I’m so excited to be back with another set of book reviews!
You may notice the blog is looking a bit different, by the way! I recently re-designed my site and re-organized my blog content and ended up archiving a lot of old posts. For the last five years, this blog has been a cross between a personal journal and a public portfolio, and I wanted to streamline it a bit. But, the book review posts have been the longest running feature of this blog, and I wanted to keep the tradition going. More about this whole re-organization thing later, though.
Honestly, I’ve just read less this year. This has been a new season for me, and I just didn’t feel like reading as much. I’ve been listening instead–to podcasts and audio books.
(A few podcasts I’m enjoying are:)
But anyway, I have actually finished three physical books since March.
In regards to the first book I read I do want to say something first. I read books by authors from both sides of the political world and cultural world. It is important to me to engage with books and ideas that are culturally relevant.
I love this quote by Karl Barth that I came across recently:
So without further ado, here’s what I’ve been reading:
I’ve always been interested in the lives of First Ladies. In particular I love Abigail Adams and Dolly Madison because their letters and history tells us that they were always seeking to have a positive influence.
I was surprised at how much I enjoyed reading about Michelle Obama’s early years. She did a wonderful job of letting the reader step inside of her world as a child and teenager. I also found her comparison of schools and mentalities on the South Side of Chicago with the schools she would attend later in high school as her academic potential was realized by both herself and mentors to be interesting.
As the book went on, she dived more deeply into expectations of her role as First Lady and learning how to deal with the constant critiques of her clothing style and health initiative. I found this part particularly fascinating, as it seems no matter what your political party or the bigger issues currently at stake, there will always be something really harmless that people will criticize anyway.
Overall it was an enjoyable read and I’m planning to keep up more reading on the First Ladies as time goes on.
by David Epstein
This book. I picked it up at the library on the New Non-Fiction shelf and it did not disappoint. I had to stop reading it over and over again to think about a concept or read part of it to Drew.
Our world today is becoming increasingly hyper-specialized. Scientists don’t just pursue one sector, they pursue a certain very-small-niche of a sector. Businesses are encouraged to have a ‘niche.’ I have found more and more TED talks and books dealing with how to become a specialized specialist in one thing or another.
In some ways, this is not a bad thing at all. But when it comes to innovation, it can be disastrous, especially when all the people you are associating with are pursuing the same niche or specialty. In many ways it contributes to confirmation bias and group think.
If you want to innovate and succeed in new ways, you need to often go outside of that hyper-specialized world to other fields entirely.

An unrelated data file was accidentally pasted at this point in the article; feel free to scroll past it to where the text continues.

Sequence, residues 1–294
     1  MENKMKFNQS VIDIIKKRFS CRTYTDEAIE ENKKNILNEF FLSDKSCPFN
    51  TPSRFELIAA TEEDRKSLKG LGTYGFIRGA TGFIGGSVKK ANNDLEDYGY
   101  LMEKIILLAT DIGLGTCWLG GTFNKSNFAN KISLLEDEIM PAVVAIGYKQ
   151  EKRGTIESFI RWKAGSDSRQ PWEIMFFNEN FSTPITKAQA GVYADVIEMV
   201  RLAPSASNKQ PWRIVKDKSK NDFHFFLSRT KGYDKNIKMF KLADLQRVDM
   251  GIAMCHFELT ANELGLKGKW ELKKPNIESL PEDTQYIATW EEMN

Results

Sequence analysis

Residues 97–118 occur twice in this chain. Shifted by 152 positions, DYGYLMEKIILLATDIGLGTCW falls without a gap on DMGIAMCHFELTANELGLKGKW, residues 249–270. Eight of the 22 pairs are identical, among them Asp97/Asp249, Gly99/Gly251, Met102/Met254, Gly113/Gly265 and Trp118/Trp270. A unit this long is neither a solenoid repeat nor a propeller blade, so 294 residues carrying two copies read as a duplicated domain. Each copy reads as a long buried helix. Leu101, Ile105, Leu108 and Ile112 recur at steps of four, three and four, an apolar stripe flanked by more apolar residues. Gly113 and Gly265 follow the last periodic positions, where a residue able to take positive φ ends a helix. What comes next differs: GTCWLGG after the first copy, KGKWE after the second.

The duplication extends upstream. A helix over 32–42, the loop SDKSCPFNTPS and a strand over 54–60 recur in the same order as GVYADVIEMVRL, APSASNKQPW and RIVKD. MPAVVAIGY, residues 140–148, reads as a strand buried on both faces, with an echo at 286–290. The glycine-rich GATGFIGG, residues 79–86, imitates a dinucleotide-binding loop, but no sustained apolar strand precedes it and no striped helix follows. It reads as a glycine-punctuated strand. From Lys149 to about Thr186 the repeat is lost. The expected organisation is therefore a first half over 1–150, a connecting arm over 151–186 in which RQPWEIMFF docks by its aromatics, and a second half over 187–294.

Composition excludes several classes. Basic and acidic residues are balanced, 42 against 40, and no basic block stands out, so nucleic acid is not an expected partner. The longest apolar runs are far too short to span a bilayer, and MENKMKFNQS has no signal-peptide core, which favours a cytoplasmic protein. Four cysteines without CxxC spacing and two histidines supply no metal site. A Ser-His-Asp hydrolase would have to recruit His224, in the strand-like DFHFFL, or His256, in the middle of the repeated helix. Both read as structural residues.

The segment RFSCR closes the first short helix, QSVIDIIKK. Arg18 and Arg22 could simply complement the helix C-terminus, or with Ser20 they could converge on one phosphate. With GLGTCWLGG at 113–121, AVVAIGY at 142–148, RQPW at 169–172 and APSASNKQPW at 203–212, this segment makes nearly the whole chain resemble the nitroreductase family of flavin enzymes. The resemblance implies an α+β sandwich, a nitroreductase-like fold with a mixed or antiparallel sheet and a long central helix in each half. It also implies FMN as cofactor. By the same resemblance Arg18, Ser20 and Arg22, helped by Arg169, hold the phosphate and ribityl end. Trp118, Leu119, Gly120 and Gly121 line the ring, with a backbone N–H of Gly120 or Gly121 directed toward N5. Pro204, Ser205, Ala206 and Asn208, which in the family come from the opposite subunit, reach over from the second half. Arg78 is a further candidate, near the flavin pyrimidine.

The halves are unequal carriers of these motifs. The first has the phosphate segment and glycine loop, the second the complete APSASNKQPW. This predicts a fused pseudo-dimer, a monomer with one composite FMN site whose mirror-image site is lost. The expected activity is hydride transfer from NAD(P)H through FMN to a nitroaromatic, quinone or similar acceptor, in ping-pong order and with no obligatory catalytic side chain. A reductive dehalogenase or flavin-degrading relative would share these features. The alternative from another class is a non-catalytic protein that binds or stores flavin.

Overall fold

He starts with the concept of a ‘kind world’ and a ‘wicked world’. A ‘kind world’ is one where the rules apply evenly in all scenarios–like in a chess game. Someone can learn chess, and with enough practice, they will become a master of that game. A ‘wicked world’ is one where the rules are always changing and evolving and it is hard to predict the future–like the space program or technology advancements. A more abstract and analogical type of thinking is needed to deal with the unknowns of a ‘wicked world’.
The book goes so much deeper than I can here, but it was a fascinating read and one of the best books I’ve read in a long time. I came away seeing how I needed to think less by routine and more analogically, drawing from innovation and concepts from other places throughout history.
Basically, don’t just think by the rules–think around the rules, outside the rules, about other scenarios and cases that are from different spheres–to understand why the rule is there and if it is actually a good rule. It’s a new take on how to see the world. I really enjoyed it.
by Mark Batterson
Drew had this book among his belongings while I was organizing them, and I grabbed it to read later since it’s been on my list for a while. (Marry a reader and they might have a bunch of books that you wanted but didn’t have yet! Win-win.)
There’s a reason this book has over 6,000 5-star reviews. It’s amazing.
I’ve never been good at praying particularly bold prayers.
I’m sort of a spiritual Thomas-ina sometimes…when I see it, I’ll believe it. (I admit this isn’t very spiritual or faith-filled, but that’s my point–this is something I struggle with.) Haha.
This book is premised around the idea that our faith spurs God to action. And our audacious faith gives him room to work in miraculous ways. This isn’t a name-it-and-claim-it concept, but it does go a bit out of my comfort zone in a good way.
This book encourages consistent, bold and very specific prayer and the author gives so many amazing examples of how God has worked in his life through this concept. I found myself asking if I could have this attitude.
Overall, it was super convicting, challenging and I will definitely read it again at some point in the future.